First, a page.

Greetings from Oxford!
Keen observers will spot that St Peter’s College Oxford, the subject of today’s card, is not an ancient foundation. But it might just be built on ancient foundations!
The story starts with Francis Chavasse, evangelical churchman. Educated at Oxford, he served in various parishes before in 1899 becoming principal of Wycliffe Hall, a Church of England theological college, which is also a permanent private hall of the University of Oxford (permanent private halls are like colleges, but governance sits not only with the fellows as in an Oxford college, but also with the religious denomination which founded the hall).
After a year in post, he was appointed Bishop of Liverpool, in which role he served until 1923. He had become concerned at the costs of an Oxford education, and proposed the foundation of a new establishment, St Peter’s.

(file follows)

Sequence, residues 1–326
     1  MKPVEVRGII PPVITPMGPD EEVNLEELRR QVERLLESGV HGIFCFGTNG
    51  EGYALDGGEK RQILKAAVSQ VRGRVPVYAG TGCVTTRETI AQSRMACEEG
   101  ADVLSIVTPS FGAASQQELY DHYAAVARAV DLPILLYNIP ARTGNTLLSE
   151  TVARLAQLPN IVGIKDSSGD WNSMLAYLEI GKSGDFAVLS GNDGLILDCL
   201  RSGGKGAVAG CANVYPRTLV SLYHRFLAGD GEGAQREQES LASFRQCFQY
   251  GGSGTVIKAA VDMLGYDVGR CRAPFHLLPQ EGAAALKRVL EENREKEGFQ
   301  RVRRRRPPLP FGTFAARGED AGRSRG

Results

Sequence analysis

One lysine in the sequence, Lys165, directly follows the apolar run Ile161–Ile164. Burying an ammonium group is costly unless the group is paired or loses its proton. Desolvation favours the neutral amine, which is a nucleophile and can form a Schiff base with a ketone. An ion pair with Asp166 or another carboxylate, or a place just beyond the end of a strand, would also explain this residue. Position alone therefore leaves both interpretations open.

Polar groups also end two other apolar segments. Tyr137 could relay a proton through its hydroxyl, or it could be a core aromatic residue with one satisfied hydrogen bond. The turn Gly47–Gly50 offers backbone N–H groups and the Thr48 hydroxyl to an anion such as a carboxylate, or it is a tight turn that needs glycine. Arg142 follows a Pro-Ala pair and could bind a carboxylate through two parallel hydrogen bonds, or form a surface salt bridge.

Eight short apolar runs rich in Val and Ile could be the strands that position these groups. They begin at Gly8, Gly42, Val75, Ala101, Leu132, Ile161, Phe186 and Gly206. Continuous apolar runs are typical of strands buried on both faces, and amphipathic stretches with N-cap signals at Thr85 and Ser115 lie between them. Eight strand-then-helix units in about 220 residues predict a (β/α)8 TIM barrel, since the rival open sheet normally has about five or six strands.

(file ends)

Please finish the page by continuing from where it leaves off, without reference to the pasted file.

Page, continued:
On his death in 1928, his son Christopher launched an appeal for funds to make St Peter’s happen, and raised £150,000 (Christopher competed with his twin brother, Noel, at the 1908 Olympics in London, and was also an England lacrosse international – he became Bishop of Rochester in 1940).
St Peter’s gained a university license as a hostel in 1928, with 13 residents – the following year it was made a permanent private hall, and the intake grew to 40 students. Despite its late foundation, it has a central Oxford location, and this is where those ancient foundations come into play.
Formerly on its site were two medieval halls – Trellick’s Inn and Rose Hall (another governance lesson: whereas a college is governed by its fellows, a hall was governed by its principal: so very much a private body). Trellick’s Inn was renamed New Inn Hall and became part first of New College and then Balliol College. Rose Hall was also given to New College which, later, sold the site to St Peter-le-Bailey Church as a site for a new church, which ultimately became the chapel of St Peter’s College.
St Peter’s was granted a Royal Charter in 1961, and admitted as a full college of the University of Oxford. Women were admitted as students from 1979. Notable alumni include Ken Loach, Mark Carney, and two former vice chancellors – David Eastwood and Dominic Shellard.